• @[email protected]OP
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      34 months ago

      Thanks! For the doc and the encounter building, but also about the expectations. I’ve been getting badgered so much (like, solid month when I said no to something) about “what about if I did it this way” “you have to allow it if I do it this way!” “It would be so great if I could just be this OP!” it has really worn me down and made me feel like the asshole draconian DM for saying no. So that’s a really good point. I did give in and it’s still not enough. So I think that’s definitely where I need to launch this talk from. Measuring their expectations to mine and enjoying a measured game.

      Far as encounter building I’m definitely having difficulty because our sessions aren’t that long so we can fit four combats max. There’s rp challenges in there too, but most of the players are around to roleplay so that’s what we mostly end up doing. One player has said (when it was mentioned the OPs want deadly combat) they would absolutely hate that kind of session which tracks since they’re really into roleplay. I think making the first encounter or two mooks and then having the rest be glass cannon bosses would probably be best. I was just worried because the rest of the party isn’t built to be OP so I’d be focusing most attacks on the OP players and I don’t want the rest to feel left out.

      • @TacticsConsort
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        34 months ago

        Yeah, it’s a really weird paradoxical thing, but giving in is exactly why it wasn’t enough- it made them feel that there was more they could be getting.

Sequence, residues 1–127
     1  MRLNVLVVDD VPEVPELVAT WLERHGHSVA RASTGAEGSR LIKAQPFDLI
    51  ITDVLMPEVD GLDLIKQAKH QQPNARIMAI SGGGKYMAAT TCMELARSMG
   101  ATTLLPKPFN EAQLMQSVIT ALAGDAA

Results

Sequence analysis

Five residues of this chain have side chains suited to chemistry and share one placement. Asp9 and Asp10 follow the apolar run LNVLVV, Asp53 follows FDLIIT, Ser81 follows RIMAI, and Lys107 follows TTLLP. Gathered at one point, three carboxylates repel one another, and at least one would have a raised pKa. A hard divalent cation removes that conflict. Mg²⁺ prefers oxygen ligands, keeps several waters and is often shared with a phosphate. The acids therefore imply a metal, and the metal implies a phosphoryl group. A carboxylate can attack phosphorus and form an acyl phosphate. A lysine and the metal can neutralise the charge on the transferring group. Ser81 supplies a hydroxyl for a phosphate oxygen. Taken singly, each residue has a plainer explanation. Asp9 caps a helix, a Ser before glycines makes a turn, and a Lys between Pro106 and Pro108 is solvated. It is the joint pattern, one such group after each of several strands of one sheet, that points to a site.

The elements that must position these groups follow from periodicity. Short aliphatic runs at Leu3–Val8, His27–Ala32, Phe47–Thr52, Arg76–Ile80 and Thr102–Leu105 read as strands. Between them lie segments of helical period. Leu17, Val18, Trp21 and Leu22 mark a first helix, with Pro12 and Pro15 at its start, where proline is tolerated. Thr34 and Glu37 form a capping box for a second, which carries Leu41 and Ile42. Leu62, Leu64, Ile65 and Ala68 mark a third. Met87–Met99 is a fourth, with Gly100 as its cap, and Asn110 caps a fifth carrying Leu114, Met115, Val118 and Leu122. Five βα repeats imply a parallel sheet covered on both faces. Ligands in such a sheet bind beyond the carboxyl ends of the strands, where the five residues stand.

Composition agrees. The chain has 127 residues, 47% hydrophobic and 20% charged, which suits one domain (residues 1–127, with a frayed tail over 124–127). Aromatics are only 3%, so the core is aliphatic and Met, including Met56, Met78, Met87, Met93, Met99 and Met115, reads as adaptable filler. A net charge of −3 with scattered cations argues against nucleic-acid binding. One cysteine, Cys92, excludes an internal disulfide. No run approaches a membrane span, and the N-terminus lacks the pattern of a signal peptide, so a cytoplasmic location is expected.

Oh, and I know EXACTLY the trick you need for that sort of combat thing. Your players are getting too many Long Rests, right? One at the end of every session? At the end of every ingame day? Which makes it impossible to wear your players down, right?

        What you need are Rough Resting rules. Your players can sleep overnight when they’re travelling through somewhere, but as they’re sleeping somewhere dangerous, then they can’t fully relax and recuperate- sleeping overnight outside somewhere like a dedicated inn or their own homes only gives them the benefits of a Short Rest (and prevents the Exhaustion from staying awake for too long). This means you don’t need to cram a ton of fights into one session, because now your players will actually get worn down meaningfully between fights- and you can choose to not give them a full heal until they actually need one- a boss is a LOT more threatening if the party doesn’t have all their resources to nuke them on turn 1.

        • @[email protected]OP
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          14 months ago

          Yeah I think that’s it exactly re: more. As DM I’m like okay it’s one thing enough. I didn’t see the laundry list behind.

          And thanks! That’s a good idea, see where it gets us.

        • @[email protected]
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          04 months ago

          If it’s assumed that days end at the end of a session, I think that assumption itself needs to be examined.

          Each round of combat is, what? 6 seconds? 5? And how long are combat encounters lasting? 5 rounds?

          The average battle lasts 20 - 60 seconds in world, but can take as many minutes at the table. So, if you spent the entire session in combat, you’re looking at 3 - 5 minutes out of the characters’ day.

          Unless there’s an in-game reason for it, days don’t need to end at session end, and should carry over.

          Rough resting is a good system, but it’s nice letting casters get their spells back while you’re roughing it. And if game days stretch across multiple seasons, there isn’t as strong a need to penalize the casters. A compromise here may be Pathfinder 2 style “rests”, where players get their daily abilities refreshed, but they don’t regain more than a handful of hit points.

          Force them to use those lower level spell slots on heals between combats, or eat up potions.